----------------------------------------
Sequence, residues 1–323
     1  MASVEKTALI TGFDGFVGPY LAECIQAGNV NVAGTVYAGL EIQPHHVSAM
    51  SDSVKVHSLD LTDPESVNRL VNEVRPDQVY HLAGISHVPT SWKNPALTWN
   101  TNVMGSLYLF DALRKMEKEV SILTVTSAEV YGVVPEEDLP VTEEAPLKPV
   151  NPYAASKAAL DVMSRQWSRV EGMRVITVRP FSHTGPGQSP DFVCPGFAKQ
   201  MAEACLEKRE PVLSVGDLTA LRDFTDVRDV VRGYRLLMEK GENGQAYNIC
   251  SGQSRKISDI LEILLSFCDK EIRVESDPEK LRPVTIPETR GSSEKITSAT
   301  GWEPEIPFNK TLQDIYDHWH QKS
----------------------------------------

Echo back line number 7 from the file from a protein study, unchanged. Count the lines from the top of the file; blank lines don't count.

   251  SGQSRKISDI LEILLSFCDK EIRVESDPEK LRPVTIPETR GSSEKITSAT